5. By hand, fold the flour mixture and chocolate chips into the wet mixture, using a spatula. Don’t over-mix.
6. Pour the batter into the prepared pan(s) and bake for 35-40 minutes (original recipe: 45 minutes, for bundt pan), or until a toothpick comes out clean.
For the buttercream frosting:
1 1/4 cup butter, room temperature
5-6 cups powdered sugar
1 Tbsp. milk
1 tsp. vanilla
juice of 1 orange (about 2 Tbsp.)
food coloring if desired
Since this is Anabelle’s first Valentines Day, I thought it would be nice to make her a valentine that she could keep – or, I guess, we could keep for her. I got inspired by these images of fabric valentines-y things in the French magazine Marie Clair Idées:
|from Marie Clair Idées|
… So I decided to try to make some quilted Valentines cards. I checked my fabric scrap stash, and found some nice pink prints for Anabelle’s, and some that were a little more masculine to make one for Dave (okay, maybe they’re not masculine, exactly, but it was as close as I could get), as well as some scrap quilt batting.
I cut a cover and an inside layer to 6×8″, and cut the batting to the same size. Then I decorated the front cover (right side of cover fabric) and the inside page (right side of the inside fabric) with scrap hearts, pinked squares and stamped lettering, allowing for a 1/4″ seam allowance around the outer edge.
To make it easy, I used iron-on fusible web, so I didn’t have to stitch everything down, and pinked the applique edges so I didn’t have to finish them.
Wow, Friday seems like a loooong time ago! Last weekend had a lot of living stuffed into it, from seeing my friend’s band play in SF on Friday, to major yard work on Saturday and a trip to the Alameda flea market on Sunday – just before watching the Superbowl in San Rafael with some friends. The weather here was incredible, and the flea market was busier than I remember seeing it, plus the vendors had lots of stuff since a couple of the recent markets were rained out.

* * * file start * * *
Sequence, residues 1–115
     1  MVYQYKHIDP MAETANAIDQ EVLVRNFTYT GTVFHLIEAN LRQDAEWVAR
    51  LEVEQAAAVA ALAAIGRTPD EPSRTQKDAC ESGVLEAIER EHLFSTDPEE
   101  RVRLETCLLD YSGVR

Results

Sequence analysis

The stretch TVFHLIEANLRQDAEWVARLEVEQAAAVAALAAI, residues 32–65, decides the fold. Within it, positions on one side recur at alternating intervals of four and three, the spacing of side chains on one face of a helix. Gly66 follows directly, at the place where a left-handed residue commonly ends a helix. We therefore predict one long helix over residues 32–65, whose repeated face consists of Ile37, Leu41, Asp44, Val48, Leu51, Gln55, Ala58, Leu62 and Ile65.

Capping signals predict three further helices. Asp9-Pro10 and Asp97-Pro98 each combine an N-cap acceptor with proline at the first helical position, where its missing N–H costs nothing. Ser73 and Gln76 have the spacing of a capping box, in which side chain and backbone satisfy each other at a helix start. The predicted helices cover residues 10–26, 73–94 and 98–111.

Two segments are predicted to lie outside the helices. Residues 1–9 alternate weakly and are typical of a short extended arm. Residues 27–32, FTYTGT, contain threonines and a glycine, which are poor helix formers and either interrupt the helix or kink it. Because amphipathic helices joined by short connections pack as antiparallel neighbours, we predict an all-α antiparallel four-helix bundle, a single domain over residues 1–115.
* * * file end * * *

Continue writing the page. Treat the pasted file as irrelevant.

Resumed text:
We had a list of some things we were looking for, but somehow ended up with a completely different assortment of jun- , I mean, stuff. Not on the list, but still useful! … I think. Here’s what we got:
Several sugar, flour and feed sacks that I’m envisioning as cute, graphic summer tops or dresses for Anabelle, pillows and patches for jeans…
… an ornate, previously gilded frame, now painted white, that I’m planning to turn into jewelry storage central (if it works as planned, I’ll post about that one soon…)
… a lace-trimmed European night shirt, supposedly from the late 1800’s. Hmmm… not really sure what I’m going to do with that. My plan was to shorten it and use it as a summer dress, but it does look distinctively night-shirt-y…
… a pretty blue Mason jar, perfect for pink rununculus….
… and an old watering can, which I saw as charming and rustic at the time, but after using it, suspect it might just be old and leaky. The guy swore it didn’t have any holes, but apparently he hadn’t actually tried using it. Ah, well, maybe it’ll be our version of a pink garden flamingo, sort of rustic garden decor.